The Science of Right and Wrong

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Charles Ommanney/Getty Images
Sam Harris, right, with the evangelical pastor Rick Warren at a group discussion on religion and faith at Warren’s Saddleback Church, Lake Forest, California, March 2007

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Once upon a time popular science was the attempt to explain the achievements of scientists to a broad audience. This was a noble endeavor that performed a useful function. How else was the public to learn what physicists, chemists, or biologists had accomplished? Recently, however, a new genre of popular science has appeared, one that shifts the tense from past to future. These new books focus on the great things that science will achieve, and allegedly soon. Thus, before the human genome was sequenced, we were treated to talk about how the project was destined to change our view of humanity. (One hears considerably less about this now, after the fact.) The latest entry in this new genre of popular science is Sam Harris’s The Moral Landscape.

Harris was trained as a neuroscientist and received his doctoral degree from the University of California at Los Angeles in 2009. He is best known as the author of two previous books. In 2004, he published The End of Faith, a fierce attack on organized religion. The book, which propelled Harris from near obscurity to near stardom—he has appeared on The Daily Show, The Colbert Report, and The O’Reilly Factor—is one of the canonical works of the New Atheist movement, along with Richard Dawkins’s The God Delusion (2006) and Daniel Dennett’s Breaking the Spell (2006). Harris seemed mostly to play the part of polemicist in the movement. He possesses a sharp wit and an even sharper pen, and his attacks on mainstream religion had a scorched-earth intensity. In 2006, Harris followed this up with Letter to a Christian Nation, an uncompromising response to his Christian critics.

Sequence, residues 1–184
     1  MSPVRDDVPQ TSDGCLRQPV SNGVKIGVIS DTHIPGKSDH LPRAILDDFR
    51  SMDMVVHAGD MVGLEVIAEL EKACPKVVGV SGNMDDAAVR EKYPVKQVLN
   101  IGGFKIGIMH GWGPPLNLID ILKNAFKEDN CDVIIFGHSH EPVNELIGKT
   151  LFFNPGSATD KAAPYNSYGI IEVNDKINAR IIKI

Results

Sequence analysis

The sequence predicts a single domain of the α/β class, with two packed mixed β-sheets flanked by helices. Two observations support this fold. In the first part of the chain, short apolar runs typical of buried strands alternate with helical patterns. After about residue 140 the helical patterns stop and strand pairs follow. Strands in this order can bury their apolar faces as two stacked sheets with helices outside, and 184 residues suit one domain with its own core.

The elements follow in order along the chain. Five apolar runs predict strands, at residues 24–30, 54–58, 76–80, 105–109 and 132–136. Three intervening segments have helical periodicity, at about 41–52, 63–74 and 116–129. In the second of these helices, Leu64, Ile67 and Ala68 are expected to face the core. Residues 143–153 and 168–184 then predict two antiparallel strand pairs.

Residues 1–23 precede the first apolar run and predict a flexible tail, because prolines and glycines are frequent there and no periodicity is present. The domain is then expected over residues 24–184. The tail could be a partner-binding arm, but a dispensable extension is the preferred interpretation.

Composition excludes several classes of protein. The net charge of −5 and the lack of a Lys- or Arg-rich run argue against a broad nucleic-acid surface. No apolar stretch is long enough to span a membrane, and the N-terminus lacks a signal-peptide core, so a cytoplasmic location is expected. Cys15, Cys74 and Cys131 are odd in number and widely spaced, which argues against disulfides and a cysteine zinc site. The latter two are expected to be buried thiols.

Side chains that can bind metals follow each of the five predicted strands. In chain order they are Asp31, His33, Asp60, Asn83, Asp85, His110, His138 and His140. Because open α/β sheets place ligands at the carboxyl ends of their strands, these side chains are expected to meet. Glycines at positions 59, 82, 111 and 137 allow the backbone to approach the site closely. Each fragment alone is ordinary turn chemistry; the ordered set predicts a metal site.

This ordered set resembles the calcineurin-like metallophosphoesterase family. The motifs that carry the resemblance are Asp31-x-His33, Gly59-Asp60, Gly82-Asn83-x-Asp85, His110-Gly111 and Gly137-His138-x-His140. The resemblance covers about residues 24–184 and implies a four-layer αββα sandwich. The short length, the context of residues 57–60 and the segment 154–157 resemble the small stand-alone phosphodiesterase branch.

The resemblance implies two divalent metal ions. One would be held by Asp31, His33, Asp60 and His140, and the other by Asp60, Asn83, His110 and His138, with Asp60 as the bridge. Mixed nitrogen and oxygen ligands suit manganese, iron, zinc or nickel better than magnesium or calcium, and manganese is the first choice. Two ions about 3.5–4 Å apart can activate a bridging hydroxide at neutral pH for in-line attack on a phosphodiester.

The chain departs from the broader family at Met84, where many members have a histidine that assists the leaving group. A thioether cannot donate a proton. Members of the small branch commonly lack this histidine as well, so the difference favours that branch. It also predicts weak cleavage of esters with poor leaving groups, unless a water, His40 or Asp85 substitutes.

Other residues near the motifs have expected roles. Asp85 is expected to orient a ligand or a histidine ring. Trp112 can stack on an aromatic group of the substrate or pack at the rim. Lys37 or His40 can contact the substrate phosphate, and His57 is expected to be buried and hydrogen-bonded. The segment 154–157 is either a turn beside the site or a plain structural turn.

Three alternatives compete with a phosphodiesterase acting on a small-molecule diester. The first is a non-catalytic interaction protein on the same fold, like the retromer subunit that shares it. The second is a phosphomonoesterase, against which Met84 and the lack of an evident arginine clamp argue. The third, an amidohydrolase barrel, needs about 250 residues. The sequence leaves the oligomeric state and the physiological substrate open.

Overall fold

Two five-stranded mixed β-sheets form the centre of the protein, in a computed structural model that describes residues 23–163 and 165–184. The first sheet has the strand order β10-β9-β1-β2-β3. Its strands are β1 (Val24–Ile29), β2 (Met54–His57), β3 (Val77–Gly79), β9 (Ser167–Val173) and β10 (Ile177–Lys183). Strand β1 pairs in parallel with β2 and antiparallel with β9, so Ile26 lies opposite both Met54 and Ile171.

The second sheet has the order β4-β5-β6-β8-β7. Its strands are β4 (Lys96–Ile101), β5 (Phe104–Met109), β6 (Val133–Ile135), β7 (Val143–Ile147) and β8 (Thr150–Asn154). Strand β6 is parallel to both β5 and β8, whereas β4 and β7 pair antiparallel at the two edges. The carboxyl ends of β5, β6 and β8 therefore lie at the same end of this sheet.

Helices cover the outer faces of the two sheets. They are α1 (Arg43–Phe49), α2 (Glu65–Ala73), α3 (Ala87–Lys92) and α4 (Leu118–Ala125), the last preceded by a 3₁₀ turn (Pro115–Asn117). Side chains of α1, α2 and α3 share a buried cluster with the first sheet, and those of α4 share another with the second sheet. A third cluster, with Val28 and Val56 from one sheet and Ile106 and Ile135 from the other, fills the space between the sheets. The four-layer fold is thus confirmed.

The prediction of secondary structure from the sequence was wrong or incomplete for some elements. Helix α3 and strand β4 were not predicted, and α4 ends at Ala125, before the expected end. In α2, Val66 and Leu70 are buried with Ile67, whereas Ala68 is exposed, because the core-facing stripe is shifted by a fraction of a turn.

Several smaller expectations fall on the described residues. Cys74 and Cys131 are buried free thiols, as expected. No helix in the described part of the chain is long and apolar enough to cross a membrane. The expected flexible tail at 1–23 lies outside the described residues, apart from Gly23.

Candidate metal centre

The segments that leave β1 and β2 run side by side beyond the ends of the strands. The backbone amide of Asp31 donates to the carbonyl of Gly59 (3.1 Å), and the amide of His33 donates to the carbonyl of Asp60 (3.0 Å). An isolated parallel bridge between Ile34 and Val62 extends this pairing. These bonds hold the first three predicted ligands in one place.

In his latest book, The Moral Landscape, Harris shifts his sights somewhat. He is now concerned with the sorry state of moral thinking among both religious and secular people in the West. While the former are convinced that moral truths are handed down from on high, the latter are perpetually muddled, frequently believing that morals are relative, the product of arbitrary tradition and social conditioning. Harris hopes to sweep aside both kinds of confusion, convincing his readers that objective moral truths exist and that we possess a (properly secular) means for discovering them.

It may not come as a surprise that Harris thinks these required means are scientific. Science, he insists, will someday show us the way to the good life. Harris’s claims are both bold and, as expected from his previous writings, plainly put: “I will argue that morality should be considered an undeveloped branch of science.” Indeed, as the subtitle of his book promises, he will show “how science can determine human values.” Though Harris concedes that the science required for this…


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